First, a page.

Europe South Asia Asia Pacific Americas Middle East Africa BBC Homepage World Service Education

Front Page



UK Politics







Talking Point

In Depth

On Air

Low Graphics

Thursday, July 8, 1999 Published at 10:53 GMT 11:53 UK


Sweet tooth 'cure' for smoking

Glucose tablets could be a cheap disease prevention tool

by BBC reporter Tristan Chytroschek

Sugar could be the ultimate cure for smoking.

Doctors are testing whether giving people glucose tablets can reduce the urge to smoke.

The BBC's Tristan Chytroschek on glucose tablets and smoking
They say many smokers who try to give up get the munchies.

This could be because they have been using cigarettes to suppress their appetite.

In an attempt to turn the theory on its head, they are trying to wean addicts off tobacco with sugar.

And they say that, if successful, it could be one of the cheapest ways of beating the many diseases linked to smoking.

Hunger pangs

Trials involving 1,000 patients are beginning at St George's Hospital in London.

[ image: Professor Robert West: Smoking wards off hunger pangs]
Professor Robert West: Smoking wards off hunger pangs
Professor Robert West of St George's said: "The theory is that people's desire to smoke is confused with hunger.

"Cigarettes make the feelings go away. But if smokers can satisfy their hunger through other means, such as glucose tablets, they ought to be able to reduce their desire to smoke."

More than 100,000 people in the UK die each year from smoking-related diseases, such as lung cancer and heart disease.

Professor West said: "If this works, even to a moderate extent, the tablets are so very cheap they could be the most cost effective way of saving people's lives there is."


He predicts that the tablets could help double the number of smokers who are able to give up.

And he says they are will be a vital support to the majority of people who give up smoking without the aid of medical professionals.

But others are not so convinced.

Research psychologist Sylvia May says many smokers presented with the glucose tablets are initially "a little bit sceptical" that they will work.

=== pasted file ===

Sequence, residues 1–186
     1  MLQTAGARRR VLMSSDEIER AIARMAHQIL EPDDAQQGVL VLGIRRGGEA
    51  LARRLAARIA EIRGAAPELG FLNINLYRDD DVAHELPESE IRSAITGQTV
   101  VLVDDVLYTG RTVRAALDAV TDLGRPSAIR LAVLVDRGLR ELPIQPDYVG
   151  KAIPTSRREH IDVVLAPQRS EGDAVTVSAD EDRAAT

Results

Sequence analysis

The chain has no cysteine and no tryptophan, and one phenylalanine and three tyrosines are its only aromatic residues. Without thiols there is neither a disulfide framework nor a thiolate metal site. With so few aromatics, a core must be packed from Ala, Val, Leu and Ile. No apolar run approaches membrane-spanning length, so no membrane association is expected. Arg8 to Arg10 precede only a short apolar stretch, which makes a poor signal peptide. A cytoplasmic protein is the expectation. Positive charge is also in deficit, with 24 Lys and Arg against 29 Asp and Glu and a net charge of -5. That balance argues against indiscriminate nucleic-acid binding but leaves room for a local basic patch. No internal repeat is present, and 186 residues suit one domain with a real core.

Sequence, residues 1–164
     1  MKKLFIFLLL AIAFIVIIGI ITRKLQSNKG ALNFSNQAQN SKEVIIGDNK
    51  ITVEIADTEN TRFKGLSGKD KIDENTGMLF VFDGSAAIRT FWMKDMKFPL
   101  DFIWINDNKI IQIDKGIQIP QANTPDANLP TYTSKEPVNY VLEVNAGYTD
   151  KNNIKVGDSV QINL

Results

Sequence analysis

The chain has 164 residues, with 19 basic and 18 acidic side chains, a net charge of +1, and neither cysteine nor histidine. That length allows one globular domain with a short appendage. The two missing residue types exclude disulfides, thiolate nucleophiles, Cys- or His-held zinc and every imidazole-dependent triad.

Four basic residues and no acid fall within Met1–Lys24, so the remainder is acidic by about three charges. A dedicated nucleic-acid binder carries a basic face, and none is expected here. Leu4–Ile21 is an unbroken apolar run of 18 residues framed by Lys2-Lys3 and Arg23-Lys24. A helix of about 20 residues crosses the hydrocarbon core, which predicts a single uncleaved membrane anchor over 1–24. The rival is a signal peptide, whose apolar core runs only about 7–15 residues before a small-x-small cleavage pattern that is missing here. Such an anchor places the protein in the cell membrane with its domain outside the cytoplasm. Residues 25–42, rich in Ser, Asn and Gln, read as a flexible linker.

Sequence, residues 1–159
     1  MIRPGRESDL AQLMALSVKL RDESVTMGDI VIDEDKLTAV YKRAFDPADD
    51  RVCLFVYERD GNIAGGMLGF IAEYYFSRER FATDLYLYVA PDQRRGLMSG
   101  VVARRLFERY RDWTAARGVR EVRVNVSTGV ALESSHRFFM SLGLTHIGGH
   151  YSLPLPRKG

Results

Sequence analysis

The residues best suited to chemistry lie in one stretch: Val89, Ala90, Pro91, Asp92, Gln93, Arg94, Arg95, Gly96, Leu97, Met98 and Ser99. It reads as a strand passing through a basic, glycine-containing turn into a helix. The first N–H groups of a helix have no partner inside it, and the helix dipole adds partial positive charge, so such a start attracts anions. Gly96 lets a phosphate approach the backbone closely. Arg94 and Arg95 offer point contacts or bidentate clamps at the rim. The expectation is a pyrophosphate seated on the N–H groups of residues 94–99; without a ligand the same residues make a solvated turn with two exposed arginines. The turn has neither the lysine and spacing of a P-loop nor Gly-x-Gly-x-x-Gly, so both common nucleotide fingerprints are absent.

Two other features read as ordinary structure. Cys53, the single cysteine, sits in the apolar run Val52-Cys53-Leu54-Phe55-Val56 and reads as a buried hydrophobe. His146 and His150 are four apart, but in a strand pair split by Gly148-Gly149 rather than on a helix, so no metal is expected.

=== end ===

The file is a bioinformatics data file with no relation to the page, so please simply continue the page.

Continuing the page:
But she adds that they generally warm to the experiment since they recognise the link between giving up cigarettes and eating more.

The results of the trial are not expected for at least two years.

Advanced options | Search tips

Back to top | BBC News Home | BBC Homepage | ©

Health Contents

Background Briefings
Medical notes

Relevant Stories

07 Jul 99 | Health
Doctors discuss cigarettes and alcohol

06 Jul 99 | Health
Keeping tabs on tobacco industry

14 Jun 99 | Health
Exercise helps women quit smoking

02 Jun 99 | Health
Impotence warning call for smokers

21 May 99 | Health
Fathers smoke through pregnancy

25 Mar 99 | Health
Passive smoking 'a significant risk'

23 Mar 99 | Health
Many unaware smoking harms children

10 Mar 99 | Health
No Smoking Day 1999

Internet Links

Action on Smoking and Health

Cancer Research Campaign

Tobacco Manufacturers' Association

The BBC is not responsible for the content of external internet sites.

In this section

Disability in depth

Spotlight: Bristol inquiry

Antibiotics: A fading wonder

Mental health: An overview

Alternative medicine: A growth industry

The meningitis files

Long-term care: A special report

Aids up close

From cradle to grave

NHS reforms: A guide

NHS Performance 1999

From Special Report
NHS in crisis: Special report

British Medical Association conference '99

Royal College of Nursing conference '99